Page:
Not only does the NIH distribute billions in funding for research and development and other activities around the world, but the NIH and some of its employees also receive millions in royalties for being labeled as co-inventors.
Last year, the National Institutes of Health – Anthony Fauci’s employer – doled out $30 billion in government grants to roughly 56,000 recipients. That largess of taxpayer money buys a lot of favor and clout within the scientific, research, and healthcare industries.
However, in our breaking investigation, we found hundreds of millions of dollars in payments also flow the other way. These are royalty payments from third-party payers (think pharmaceutical companies) back to the NIH and individual NIH scientists.
We estimate that between fiscal years 2010 and 2020, more than $350 million in royalties were paid by third-parties to the agency and NIH scientists – who are credited as co-inventors.
Because those payments enrich the agency and its scientists, each and every royalty payment could be a potential conflict of interest and needs disclosure.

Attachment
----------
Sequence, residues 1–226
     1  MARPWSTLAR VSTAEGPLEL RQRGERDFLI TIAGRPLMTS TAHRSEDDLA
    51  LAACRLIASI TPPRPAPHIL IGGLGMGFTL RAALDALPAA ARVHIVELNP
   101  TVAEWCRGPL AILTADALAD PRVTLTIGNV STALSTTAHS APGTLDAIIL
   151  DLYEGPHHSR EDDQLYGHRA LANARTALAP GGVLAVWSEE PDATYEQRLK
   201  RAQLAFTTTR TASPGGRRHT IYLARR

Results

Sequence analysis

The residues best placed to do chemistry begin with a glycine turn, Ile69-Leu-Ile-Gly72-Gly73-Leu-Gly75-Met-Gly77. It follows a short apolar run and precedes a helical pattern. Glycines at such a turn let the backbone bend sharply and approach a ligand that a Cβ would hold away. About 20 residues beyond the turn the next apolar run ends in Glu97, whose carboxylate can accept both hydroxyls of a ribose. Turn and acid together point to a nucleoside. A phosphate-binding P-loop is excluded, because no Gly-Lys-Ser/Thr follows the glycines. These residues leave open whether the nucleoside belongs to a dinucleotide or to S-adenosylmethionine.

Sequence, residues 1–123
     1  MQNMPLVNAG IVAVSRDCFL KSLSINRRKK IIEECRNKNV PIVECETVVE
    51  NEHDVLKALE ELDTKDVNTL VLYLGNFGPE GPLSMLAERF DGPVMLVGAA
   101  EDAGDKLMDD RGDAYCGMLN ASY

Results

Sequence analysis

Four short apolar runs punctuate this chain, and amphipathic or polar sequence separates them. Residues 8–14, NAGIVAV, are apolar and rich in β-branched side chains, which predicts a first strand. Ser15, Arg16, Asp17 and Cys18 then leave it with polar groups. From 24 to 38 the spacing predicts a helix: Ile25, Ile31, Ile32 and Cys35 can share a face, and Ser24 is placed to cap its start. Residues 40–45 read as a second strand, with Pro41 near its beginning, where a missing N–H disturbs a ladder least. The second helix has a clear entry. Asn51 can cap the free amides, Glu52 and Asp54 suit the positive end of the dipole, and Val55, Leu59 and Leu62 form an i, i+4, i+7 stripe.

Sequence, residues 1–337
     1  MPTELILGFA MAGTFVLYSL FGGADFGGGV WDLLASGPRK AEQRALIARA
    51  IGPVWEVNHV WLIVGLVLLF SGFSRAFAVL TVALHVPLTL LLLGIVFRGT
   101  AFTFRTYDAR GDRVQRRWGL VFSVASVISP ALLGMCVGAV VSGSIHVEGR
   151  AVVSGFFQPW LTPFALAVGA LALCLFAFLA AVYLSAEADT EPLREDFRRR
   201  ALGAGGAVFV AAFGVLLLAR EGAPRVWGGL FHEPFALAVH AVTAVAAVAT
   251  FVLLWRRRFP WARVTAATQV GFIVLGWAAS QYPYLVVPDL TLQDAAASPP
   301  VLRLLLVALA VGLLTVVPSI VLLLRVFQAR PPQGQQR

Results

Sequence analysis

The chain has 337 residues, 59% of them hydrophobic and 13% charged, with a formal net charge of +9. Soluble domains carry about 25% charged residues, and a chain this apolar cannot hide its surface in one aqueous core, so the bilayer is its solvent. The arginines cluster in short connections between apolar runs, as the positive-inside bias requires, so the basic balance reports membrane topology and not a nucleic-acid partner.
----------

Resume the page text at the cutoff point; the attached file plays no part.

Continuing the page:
We knew way back in April of 2020 that Dr. Fauci and the Gates Foundation would make billions on a COVID vaccine. Bobby Kennedy, Jr. was saying this at that time. This was before he wrote his book on ‘The Real Dr. Fauci’.
Open The Books addresses the challenges they have had obtaining income and royalty-related information on government employees in the Federal Government.
It’s been a struggle to get any useful information out of the agency on its royalty payments. NIH is acting like royalty payments are a state secret. (They’re not, or shouldn’t be!)
Consider how NIH is using taxpayer money to try and keep taxpayers ignorant and in the dark:
1. NIH defied the federal Freedom of Information Act law and refused to even acknowledge our open records request for the royalty payments. We filed our FOIA last September.
2. NIH used expensive taxpayer-funded litigation to slow-walk royalty disclosures (releasing the oldest royalties first). Although the agency admits to holding 3,000 pages, it will take ten months to produce them (300 pages per month). With Judicial Watch as our lawyers, we sued NIH in federal court last October.
3. NIH is heavily redacting key information on the royalty payments. For example, the agency erased 1. the payment amount, and, 2. who paid it! This makes the court-mandated production virtually worthless, despite our use of the latest forensic auditing tools.
NIH is essentially telling you, the taxpayer, to pay up and shut up. They’ll run things. They have forgotten that they work on behalf of the American people.